Didn't see anything like this at the Lemurian Fellowship... This is a still from "The Rites of Mu", from the electronic band KLF. The band was also known as "The Justified Ancients of Mu Mu".

Sadly, my visit to the Lemurian Fellowship was a bit anti-climatic after all that. I was warmly greeted over coffee and homemade chocolate chip cookies by some of the nicest folks I've ever met (and the aforementioned white lab).

There were no hooded robes to be found anywhere, alas, but one of them was wearing a hoodie...

The Lemurians were founded by Dr. Robert D. Stelle in Chicago in the 1930s. But soon, he decided to head to the warmer climes and freer spirits of Southern California, where he eventually settled in Ramona, a little town in the foothills above San Diego.

Dr. Robert D. Stelle, the Founder of the Lemurian Fellowship. Photo courtesy of the Lemurian Fellowship.

Ad that I found in the November 1958 issue of Desert Magazine, referencing the ancient mystical character "Rhu Sol Ku", who would lend his name to the Rhu House..

To support themselves, Dr. Stelle and his community took to making and selling crafts - wood and metalwork. In the 50s and 60s, this work had a decidedly Modernist aesthetic, with a reputation for quality and beauty.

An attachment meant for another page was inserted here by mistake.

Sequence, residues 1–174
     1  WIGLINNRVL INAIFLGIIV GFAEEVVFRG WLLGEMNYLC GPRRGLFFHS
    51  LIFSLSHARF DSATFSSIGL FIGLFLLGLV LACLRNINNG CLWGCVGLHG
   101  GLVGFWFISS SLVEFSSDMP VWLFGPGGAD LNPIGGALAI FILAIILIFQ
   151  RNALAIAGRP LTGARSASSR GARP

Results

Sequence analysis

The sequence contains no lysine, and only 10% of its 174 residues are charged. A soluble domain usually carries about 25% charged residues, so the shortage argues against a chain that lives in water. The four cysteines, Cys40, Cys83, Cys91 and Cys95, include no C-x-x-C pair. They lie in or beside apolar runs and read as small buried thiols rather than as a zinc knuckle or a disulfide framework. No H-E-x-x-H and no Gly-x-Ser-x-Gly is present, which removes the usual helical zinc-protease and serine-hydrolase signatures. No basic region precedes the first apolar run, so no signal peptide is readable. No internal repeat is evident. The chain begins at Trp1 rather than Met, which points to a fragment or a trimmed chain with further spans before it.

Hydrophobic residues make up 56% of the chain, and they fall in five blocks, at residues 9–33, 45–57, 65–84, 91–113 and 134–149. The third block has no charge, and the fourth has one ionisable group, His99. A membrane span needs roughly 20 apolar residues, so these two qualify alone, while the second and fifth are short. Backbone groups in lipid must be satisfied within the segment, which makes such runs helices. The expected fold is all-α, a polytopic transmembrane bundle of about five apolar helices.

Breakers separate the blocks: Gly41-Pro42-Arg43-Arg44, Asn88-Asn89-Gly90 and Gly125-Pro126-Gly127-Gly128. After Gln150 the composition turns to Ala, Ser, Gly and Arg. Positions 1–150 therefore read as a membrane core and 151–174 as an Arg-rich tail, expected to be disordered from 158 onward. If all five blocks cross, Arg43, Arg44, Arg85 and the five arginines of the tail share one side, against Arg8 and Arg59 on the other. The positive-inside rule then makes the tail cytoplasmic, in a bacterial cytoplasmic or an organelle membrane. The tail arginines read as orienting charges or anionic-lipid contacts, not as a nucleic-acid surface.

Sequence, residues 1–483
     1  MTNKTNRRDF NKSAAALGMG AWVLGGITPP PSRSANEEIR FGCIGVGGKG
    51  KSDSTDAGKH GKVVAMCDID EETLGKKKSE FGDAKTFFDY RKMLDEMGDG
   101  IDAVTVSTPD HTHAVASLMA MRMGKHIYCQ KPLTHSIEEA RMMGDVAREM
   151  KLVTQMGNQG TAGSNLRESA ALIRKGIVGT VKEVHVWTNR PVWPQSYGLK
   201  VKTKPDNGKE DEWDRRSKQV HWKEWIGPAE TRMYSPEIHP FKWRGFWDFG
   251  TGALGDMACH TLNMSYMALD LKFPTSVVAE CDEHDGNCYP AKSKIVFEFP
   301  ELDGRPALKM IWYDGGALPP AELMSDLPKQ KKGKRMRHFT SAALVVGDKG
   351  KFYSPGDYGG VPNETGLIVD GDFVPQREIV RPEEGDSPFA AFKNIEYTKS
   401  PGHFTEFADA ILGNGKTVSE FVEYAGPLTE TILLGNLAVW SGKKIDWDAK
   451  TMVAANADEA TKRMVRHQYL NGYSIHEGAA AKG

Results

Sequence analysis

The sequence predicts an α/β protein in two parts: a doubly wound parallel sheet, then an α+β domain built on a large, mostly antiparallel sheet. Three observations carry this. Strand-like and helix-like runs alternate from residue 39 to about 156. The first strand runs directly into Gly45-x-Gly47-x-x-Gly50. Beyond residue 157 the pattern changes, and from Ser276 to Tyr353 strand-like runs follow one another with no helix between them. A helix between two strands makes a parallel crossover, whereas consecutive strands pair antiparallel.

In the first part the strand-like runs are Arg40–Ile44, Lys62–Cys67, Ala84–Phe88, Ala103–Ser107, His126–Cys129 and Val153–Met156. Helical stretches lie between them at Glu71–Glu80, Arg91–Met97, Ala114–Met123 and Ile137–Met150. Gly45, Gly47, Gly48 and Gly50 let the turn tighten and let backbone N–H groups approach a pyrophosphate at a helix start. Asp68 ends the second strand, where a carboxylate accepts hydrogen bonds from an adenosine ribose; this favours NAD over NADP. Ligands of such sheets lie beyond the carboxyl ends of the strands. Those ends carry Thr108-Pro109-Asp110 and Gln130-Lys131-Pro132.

line of lathe-turned dinnerware, called “Simplicity,” with plates, bowls, salad servers and “beakers” appeared in the Fall, 1949 issue of Furniture Forum Magazine. Thanks to Dave Hampton/Objects USA.

Their work started appearing for sale in chic furniture and design showrooms in San Diego and throughout the country. Even today, many examples of their wood vases and metal cabinet pulls and doorknobs can be found in mid-century modern homes throughout the region.

Lemurian Crafts ad from a 1946 issue of Desert Magazine. Thanks to Dave Hampton/Objects USA for the find.

In 1952, MoMA in New York even added one of their pieces to its permanent collection.